The Lost Honor of Katharina Blum: Or How Violence Develops and Where It Can Lead, is the story of a young woman who is scrutinized and harassed by police and tabloid (sleaze) press after she spends the night with a suspected terrorist. Film historian Jack Zipes begs the question regarding the political reality and repression in the Federal Republic of Germany (Bunderrepublik) during the 1970’s using both the film and novelization of The Lost Honor of Katharina Blum. Zipes first illuminates the reality in which these two depictions are attempting to criticize. According to Zipes, the reality of the Bunderrepublik of 1972-75 is “on one level the entire history of the student movement or extra-parliamentary opposition [which] provides the subject matter of the novel and film” (Zipes, 75). Basically, the history these two forms of the same story attempt to bring to light depictions of social political attitudes and conditions regarding the late 1960’s and early 1970’s with the SPD uber-conservative government (75). The political situation in Germany seems to be volatile during this period, especially due to the actions of a few militant terrorists, the Baader-Meinhof Group, aka the infamous RAF. Because of the actions of the few, according to Zipes, the conservative forces of the German state and mass media made it appear as if the entirety of the “Left,” the progressive forces of the Bunderrepublik were associated with terrorism. An incredible swing on the American-esk McCarthy pendulum, ushering never-ending witch-hunt bonfires stacked with the stench of 800,000 progresses and reformers who were no longer fit the state’s “legitimate” government program (76).
According to historian Zipes, Heinrich Böll’s writings are concerned with gross human rights violations and origins of violence (77). The novelization of the story, The Lost Honor of Katharina Blum, for better or worse, urges for the reformation of mass media, of the press, radio, and TV. Considering Zipes interpretation of the novel, a strange dual world emerges where the fictional narrative is more truthful than the non-fictional reports carried out by the corrupted mass media. Though, according to Zipes, Böll does not create a perfect explanation of the “socio-political dynamic of violence in the Bunderrepublik” (78); however, it nevertheless a straightforward participatory revelation of a moralist’s case for political resistance (79). In Volker Schlöndorff’s film adaptation of Böll’s novel, Zipes mentions a more distinguishable focus on a cohesive left movement that was nearly nonexistent in the novel (81). According to Zipes, director Schlöndorff “focuses [his film] on the power relations in the case of Katharina Blum in order to facilitate the viewer’s comprehension of how the police and mass media conspire to victimize private citizens” (81). Basically, where Böll focused on the power in the use of words, Schlöndorff gives greater attention to the unfolding of human drama in the interpersonal relationships of his characters.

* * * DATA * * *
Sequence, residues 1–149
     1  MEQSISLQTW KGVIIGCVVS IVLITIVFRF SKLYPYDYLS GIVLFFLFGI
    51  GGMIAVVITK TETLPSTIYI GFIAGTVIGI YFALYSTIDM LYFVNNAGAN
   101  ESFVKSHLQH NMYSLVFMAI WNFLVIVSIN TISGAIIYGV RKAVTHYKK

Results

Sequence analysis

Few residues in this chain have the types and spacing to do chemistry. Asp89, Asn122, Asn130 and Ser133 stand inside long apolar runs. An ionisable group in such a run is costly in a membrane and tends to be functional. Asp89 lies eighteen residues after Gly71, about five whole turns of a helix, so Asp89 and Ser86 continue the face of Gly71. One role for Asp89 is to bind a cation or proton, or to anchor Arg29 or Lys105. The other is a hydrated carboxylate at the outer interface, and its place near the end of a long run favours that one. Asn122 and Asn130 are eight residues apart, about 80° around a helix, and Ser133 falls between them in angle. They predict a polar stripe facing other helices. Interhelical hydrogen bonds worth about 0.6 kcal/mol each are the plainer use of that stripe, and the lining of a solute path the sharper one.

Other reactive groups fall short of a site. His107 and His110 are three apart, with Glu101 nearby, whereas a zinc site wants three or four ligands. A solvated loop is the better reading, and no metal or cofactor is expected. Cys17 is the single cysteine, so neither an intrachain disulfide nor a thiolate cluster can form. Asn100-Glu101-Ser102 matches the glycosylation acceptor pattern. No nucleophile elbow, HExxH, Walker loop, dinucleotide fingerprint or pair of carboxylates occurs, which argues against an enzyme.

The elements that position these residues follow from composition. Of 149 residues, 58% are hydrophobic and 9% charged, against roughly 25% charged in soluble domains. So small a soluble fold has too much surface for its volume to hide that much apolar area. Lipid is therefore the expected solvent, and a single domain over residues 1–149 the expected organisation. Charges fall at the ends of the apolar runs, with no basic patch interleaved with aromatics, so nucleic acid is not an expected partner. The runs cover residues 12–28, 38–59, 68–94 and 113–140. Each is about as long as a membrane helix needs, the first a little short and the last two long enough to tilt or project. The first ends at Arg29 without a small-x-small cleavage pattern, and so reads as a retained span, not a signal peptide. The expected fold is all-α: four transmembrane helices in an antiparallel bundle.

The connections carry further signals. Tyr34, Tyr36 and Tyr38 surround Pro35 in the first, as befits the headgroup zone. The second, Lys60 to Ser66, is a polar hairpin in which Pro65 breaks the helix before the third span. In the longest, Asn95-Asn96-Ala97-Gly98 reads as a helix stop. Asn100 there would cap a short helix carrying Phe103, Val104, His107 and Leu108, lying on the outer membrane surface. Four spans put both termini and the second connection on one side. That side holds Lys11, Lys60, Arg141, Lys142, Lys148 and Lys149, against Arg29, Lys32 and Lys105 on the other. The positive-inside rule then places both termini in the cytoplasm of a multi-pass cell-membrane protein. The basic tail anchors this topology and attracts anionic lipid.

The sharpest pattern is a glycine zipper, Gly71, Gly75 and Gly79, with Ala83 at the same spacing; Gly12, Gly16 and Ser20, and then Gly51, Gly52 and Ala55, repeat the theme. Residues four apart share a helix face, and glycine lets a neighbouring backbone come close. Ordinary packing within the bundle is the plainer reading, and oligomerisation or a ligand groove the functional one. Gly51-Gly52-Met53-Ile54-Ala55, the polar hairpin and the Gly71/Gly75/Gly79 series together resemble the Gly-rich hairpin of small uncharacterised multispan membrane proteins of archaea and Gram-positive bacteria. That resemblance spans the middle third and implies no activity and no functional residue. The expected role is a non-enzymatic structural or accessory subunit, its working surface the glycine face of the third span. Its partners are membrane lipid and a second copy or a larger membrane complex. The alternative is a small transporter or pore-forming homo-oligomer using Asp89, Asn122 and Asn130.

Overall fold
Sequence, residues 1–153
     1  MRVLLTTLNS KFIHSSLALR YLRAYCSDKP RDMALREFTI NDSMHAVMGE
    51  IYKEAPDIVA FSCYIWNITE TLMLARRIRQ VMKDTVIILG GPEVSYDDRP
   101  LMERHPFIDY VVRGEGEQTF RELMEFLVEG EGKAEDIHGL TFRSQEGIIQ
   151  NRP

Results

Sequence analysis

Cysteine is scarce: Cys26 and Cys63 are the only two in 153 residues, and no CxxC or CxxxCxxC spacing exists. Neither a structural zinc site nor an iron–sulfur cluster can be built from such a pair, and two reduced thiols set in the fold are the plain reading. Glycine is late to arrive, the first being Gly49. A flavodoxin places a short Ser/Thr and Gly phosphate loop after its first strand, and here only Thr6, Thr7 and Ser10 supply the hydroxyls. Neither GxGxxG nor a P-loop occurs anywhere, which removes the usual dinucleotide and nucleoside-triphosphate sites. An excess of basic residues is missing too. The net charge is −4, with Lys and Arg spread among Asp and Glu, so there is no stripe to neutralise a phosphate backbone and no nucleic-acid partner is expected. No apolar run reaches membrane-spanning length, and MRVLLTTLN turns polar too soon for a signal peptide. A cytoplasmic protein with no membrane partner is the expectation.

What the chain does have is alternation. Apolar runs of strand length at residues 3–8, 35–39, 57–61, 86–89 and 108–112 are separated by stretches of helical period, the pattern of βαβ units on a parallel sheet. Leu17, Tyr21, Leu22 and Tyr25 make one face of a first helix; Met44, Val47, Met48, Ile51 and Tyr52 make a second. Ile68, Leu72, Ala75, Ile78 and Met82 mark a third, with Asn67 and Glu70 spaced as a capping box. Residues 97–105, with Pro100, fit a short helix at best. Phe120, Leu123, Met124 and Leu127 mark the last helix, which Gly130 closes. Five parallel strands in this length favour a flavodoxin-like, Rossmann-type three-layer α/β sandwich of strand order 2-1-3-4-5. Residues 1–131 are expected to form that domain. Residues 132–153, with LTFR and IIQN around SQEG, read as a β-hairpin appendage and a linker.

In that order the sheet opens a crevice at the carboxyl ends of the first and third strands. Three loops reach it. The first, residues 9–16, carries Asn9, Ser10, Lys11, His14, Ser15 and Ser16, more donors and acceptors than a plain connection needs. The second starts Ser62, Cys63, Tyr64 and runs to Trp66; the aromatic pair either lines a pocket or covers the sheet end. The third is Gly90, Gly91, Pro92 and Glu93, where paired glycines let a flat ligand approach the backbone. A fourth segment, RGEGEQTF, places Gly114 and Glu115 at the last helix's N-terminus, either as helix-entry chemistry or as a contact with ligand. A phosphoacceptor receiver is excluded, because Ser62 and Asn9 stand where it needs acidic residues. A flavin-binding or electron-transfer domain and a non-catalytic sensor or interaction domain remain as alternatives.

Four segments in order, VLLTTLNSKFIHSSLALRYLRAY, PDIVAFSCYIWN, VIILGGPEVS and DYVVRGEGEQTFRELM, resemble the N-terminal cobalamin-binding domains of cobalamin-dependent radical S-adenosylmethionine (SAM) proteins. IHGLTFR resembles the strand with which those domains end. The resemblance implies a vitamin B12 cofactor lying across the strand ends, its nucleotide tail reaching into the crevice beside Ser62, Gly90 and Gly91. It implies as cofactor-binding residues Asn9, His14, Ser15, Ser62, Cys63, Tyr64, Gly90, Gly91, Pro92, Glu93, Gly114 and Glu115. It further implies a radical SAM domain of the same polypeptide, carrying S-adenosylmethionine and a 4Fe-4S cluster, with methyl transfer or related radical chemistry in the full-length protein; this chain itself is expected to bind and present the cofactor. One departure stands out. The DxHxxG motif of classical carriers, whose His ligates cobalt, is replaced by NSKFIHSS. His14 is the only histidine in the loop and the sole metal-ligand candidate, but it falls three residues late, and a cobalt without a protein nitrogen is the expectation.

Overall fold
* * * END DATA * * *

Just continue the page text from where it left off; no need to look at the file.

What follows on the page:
While the film itself is a somewhat dull watch, until the very last bits of the movie when Katharinaunshackles her discontent, fellow historian Jack Zipes does an excellent job separating these two renditions of The Lost Honor of Katharina Blum while they are simultaneously attempting to convey the same story. However, his comment regarding the drama of American, so-called, “good cop, bad cop” motif is somewhat lacking. The American filmic expressions of the late 60’s and early 70’s, depending on the genre you’re talking about, are not vague impressions of the time in which they were made. Consider the gruesome social critiques in the up and coming era of Savage Cinema, especially the word of Wes Craven, in films like: The Last House on the Left and The Hills Have Eyes as perfect examples of political unrest in American cinema. Savage Cinema was loud, gruesome, and not the lease bit disturbing, but these films also compelled audiences to question the validity of the times. Last House on the Left, if anything else, begged the question if reactionary violence was a justifiable resolution. The Hills Have Eyes was a critique about repression and violence and repercussion using the most taboo form of expression: cannibalism. And there are many more examples during this era to pick from. Regardless, Zipes makes an interesting case regarding the wild swings on the pendulum during Germany’s political unrest of the 1970’s with the RAF and student base movements. The media, if anything, should keep government (of all walks) in check, not condone extreme reactionism.
Sources: Jack Zipes, The Political Dimensions of The Lost Honor of Katharina Blum, 1976.